Tammy Baldwin helps Senate to take on student debt crisis

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U.S. Senator Tammy Baldwin helped reintroduce the Bank on Students Emergency Loan Refinancing Act, which would allow borrowers with existing public or private loans from 2017-2018 to refinance those loans to a 3.76 percent annual interest rate.

According to a press release Baldwin sent on March 19, the 3.76 percent rate was previously offered in 2016-2017. Outside of public or private loans, graduate school loans could be refinanced to 5.41 percent, and parent loans for a child’s education could be refinanced to 6.41 percent.

“Higher education should be a path to prosperity, not suffocating debt. Right now, student loan debt is holding back an entire generation and creating a drag on economic growth in Wisconsin and across the country,” Baldwin said. “This legislation will help bring relief to Wisconsin students and families by ensuring they can refinance their loans and pursue a repayment plan that works for them.”

Assistant Director of the UW Oshkosh Financial Aid Office Karen Kennedy said not everyone is eligible to refinance under the act, and some people may not want to.

“I don’t really have any feelings about it because you have to be careful as a consumer,” Kennedy said. “If you refinance at a lower interest rate, that might be better for you, but you may lose some of the borrow benefits.”

Kennedy said it’s complicated because the department of education has other programs for people that can’t pay their full payments.

“They have things like the standard repayment plan, graduated repayment plan, pay as you go, those kind of things,” Kennedy said. “Would all these loans still be eligible for that? So it’s kind of like you don’t know who it would really benefit.”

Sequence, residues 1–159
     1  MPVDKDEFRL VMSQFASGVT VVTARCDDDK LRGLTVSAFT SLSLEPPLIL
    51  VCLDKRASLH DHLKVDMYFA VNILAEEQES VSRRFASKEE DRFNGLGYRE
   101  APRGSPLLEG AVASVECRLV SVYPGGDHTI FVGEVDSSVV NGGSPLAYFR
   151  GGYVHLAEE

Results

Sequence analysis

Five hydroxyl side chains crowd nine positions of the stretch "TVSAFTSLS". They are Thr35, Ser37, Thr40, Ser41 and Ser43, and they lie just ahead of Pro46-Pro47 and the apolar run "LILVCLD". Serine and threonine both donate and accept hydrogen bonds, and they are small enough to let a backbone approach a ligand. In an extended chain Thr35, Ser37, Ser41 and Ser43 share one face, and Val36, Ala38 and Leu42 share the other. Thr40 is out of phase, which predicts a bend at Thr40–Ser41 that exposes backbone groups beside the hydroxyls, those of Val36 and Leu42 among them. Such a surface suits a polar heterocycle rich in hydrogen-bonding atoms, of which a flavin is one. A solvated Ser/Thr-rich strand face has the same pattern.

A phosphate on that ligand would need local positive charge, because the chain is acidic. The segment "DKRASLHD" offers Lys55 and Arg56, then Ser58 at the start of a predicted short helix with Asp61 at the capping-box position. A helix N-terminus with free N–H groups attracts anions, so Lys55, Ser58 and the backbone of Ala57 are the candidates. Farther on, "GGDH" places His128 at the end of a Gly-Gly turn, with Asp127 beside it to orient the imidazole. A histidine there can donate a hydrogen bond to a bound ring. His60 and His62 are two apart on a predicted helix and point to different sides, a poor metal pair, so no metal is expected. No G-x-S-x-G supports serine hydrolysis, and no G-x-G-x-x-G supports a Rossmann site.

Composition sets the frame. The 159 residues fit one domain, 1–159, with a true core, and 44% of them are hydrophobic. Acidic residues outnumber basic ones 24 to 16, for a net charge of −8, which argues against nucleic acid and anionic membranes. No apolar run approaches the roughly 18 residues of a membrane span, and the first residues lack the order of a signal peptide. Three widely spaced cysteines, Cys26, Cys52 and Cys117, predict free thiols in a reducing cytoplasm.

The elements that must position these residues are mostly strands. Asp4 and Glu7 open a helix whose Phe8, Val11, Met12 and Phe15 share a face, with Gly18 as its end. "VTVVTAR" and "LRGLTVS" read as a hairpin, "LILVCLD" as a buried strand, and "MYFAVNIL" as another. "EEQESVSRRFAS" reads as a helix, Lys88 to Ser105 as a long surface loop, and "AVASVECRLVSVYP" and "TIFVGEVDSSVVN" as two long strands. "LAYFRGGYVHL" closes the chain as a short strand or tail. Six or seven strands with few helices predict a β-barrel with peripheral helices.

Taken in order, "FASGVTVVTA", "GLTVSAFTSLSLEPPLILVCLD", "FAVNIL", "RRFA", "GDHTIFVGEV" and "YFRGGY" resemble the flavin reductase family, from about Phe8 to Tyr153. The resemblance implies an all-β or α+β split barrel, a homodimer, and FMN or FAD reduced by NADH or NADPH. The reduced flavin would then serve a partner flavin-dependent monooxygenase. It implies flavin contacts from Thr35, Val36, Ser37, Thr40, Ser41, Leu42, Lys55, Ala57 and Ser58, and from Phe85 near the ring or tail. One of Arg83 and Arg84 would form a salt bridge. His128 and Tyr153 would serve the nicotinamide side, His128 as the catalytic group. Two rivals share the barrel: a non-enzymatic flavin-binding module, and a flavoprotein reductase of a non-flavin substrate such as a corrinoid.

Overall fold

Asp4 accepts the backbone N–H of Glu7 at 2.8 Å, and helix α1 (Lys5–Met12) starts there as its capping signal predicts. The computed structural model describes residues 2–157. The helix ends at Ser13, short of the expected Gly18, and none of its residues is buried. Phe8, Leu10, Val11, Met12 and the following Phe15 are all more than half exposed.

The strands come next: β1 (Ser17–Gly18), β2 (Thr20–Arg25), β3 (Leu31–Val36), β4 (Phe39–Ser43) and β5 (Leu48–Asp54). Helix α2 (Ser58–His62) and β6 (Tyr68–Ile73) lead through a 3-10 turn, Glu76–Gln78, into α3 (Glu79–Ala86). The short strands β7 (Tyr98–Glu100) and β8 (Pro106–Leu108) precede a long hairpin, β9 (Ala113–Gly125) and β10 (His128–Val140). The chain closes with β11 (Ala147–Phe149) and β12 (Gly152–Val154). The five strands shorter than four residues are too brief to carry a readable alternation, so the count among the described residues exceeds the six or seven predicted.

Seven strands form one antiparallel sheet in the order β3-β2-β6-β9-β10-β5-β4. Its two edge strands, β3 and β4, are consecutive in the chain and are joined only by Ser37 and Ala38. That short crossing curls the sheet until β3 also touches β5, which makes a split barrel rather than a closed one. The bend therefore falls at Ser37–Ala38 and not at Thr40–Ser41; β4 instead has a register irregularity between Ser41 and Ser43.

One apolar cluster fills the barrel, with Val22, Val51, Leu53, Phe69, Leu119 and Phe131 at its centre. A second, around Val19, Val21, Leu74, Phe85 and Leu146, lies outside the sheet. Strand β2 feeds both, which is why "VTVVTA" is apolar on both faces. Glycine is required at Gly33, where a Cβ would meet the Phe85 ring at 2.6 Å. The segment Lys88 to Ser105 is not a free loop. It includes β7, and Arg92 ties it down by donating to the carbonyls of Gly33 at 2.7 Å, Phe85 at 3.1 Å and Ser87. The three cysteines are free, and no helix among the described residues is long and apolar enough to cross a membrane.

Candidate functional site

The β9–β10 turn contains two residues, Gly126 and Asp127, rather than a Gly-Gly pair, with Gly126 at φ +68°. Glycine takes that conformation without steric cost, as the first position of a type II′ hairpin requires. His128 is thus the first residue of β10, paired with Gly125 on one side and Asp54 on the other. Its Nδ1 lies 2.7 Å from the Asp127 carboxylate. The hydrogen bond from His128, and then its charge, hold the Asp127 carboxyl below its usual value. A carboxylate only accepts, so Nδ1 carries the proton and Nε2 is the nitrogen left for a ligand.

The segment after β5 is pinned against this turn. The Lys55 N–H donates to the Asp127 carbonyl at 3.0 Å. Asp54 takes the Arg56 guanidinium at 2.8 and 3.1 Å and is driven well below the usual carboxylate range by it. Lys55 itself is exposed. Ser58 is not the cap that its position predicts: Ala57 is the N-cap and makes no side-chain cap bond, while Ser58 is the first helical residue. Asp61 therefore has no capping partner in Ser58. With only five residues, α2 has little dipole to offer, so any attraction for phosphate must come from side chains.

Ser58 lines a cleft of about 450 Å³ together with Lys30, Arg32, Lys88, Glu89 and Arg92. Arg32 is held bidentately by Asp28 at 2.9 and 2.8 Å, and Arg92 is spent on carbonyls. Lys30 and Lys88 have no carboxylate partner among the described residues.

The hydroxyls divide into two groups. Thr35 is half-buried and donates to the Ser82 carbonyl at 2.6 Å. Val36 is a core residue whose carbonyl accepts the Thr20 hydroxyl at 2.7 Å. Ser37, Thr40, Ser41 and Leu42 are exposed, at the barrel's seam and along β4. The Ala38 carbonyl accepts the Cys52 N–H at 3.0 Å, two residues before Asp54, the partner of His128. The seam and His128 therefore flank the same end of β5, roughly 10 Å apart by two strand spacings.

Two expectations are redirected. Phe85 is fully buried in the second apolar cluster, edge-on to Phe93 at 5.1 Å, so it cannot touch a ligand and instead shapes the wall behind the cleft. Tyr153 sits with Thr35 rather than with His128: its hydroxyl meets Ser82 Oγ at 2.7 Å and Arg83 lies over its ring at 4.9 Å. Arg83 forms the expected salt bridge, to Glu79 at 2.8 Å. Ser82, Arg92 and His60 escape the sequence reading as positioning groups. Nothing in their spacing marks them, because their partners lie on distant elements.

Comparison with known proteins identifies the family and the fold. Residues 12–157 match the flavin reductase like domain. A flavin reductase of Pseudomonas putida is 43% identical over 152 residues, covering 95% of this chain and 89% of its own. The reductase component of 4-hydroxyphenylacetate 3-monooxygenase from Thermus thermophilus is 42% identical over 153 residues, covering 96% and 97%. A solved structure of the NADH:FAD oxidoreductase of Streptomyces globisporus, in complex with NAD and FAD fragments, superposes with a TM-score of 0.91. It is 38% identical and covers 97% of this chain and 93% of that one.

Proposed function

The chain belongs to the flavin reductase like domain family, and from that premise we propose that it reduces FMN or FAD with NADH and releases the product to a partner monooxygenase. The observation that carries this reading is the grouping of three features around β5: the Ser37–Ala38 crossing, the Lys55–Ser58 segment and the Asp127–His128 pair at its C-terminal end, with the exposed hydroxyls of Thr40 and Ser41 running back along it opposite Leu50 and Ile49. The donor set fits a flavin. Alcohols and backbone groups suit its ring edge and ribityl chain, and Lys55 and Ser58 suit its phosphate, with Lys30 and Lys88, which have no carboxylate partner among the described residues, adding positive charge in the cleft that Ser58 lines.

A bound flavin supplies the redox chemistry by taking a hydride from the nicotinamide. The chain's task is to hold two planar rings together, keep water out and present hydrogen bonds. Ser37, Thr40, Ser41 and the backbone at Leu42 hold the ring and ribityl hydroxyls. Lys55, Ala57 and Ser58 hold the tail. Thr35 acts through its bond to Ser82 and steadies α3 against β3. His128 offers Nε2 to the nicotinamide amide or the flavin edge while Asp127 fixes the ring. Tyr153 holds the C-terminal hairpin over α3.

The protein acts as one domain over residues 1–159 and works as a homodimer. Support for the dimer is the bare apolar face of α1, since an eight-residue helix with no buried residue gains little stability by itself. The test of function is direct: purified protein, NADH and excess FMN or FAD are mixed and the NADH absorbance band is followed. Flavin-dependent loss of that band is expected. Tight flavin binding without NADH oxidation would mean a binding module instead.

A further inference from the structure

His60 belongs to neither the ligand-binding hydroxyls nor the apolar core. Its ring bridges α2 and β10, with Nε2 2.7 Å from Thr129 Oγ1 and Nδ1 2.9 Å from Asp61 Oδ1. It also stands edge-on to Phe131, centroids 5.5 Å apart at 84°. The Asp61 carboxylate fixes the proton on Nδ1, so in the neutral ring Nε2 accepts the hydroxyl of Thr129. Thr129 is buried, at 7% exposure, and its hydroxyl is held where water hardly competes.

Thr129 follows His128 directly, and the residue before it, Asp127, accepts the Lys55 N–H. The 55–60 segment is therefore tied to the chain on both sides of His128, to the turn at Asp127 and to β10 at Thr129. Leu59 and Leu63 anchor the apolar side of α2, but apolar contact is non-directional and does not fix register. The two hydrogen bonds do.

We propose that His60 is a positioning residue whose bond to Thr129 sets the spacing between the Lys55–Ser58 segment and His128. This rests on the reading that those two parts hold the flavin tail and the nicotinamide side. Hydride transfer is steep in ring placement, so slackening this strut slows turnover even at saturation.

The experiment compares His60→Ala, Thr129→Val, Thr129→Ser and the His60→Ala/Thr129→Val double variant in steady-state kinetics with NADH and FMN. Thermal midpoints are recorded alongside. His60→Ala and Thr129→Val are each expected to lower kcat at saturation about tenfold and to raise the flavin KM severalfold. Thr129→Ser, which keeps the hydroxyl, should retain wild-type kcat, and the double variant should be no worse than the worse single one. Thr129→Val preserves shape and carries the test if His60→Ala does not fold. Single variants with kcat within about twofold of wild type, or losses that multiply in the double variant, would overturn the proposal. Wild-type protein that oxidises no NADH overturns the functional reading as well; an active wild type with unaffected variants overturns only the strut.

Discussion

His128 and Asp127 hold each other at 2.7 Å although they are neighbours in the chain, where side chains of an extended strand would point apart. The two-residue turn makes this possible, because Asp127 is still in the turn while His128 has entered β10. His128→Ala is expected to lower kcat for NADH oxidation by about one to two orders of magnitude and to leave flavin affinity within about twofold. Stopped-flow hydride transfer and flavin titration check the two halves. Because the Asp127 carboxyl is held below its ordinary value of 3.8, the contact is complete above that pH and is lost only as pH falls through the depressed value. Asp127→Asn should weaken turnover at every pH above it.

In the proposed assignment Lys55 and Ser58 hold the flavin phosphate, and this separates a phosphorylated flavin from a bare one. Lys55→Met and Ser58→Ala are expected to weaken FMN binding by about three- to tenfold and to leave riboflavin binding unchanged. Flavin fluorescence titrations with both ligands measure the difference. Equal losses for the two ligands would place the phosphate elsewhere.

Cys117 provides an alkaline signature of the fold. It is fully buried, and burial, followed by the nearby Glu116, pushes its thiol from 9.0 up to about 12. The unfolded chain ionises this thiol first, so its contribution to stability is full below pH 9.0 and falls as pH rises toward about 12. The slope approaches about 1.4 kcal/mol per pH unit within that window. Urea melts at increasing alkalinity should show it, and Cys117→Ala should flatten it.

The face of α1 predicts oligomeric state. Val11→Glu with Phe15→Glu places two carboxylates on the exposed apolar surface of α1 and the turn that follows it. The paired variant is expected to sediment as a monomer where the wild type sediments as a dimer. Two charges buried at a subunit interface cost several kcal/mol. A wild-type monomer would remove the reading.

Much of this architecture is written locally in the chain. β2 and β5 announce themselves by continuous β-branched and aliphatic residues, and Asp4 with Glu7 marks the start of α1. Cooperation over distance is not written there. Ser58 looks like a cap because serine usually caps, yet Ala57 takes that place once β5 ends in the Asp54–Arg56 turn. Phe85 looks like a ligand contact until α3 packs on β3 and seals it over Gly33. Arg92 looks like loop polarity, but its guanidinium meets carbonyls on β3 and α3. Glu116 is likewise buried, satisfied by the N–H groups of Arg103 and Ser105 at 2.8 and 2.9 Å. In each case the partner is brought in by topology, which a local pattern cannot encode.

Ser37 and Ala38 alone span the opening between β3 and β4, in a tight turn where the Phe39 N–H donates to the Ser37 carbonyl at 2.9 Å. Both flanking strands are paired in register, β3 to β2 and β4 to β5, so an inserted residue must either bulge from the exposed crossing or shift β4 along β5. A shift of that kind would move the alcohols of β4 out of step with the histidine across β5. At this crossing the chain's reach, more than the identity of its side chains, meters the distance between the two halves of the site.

Kennedy said she has seen an increase in interest rates over the last several years.

“I think it was down about 3.4 somewhere around 2012, 2013,” Kennedy said. “So those interest rates have climbed, and it’s currently like 5.05 for undergraduates.”

Kennedy said she doesn’t believe the bill will pass due to lack of support.

“Everybody’s talking about it,” Kennedy said. “But the only provision for me in debt relief is to give more gift aid, which is Pell Grants, supplemental grants, make more people eligible. That would drastically cut loan debt. So if you don’t have to borrow so much to go to school, that’s a better thing.”

According to estimates from the Department of Education, about 25 million borrowers would be likely to refinance under this legislation, and borrowers would receive an average savings of $2,000 over the life of their loan.

According to the press release, the bill is led by senator Elizabeth Warren (D-MA) and representative Joe Courtney (D-CT).

“The student debt crisis is real for millions of Americans, and our current student loan system is deeply unfair to borrowers,” Warren said. “This legislation has always been about basic fairness: people should be able to lower their federal student loan interest rates and reduce their debt burdens like they can with a mortgage, car loan, or other consumer loans.”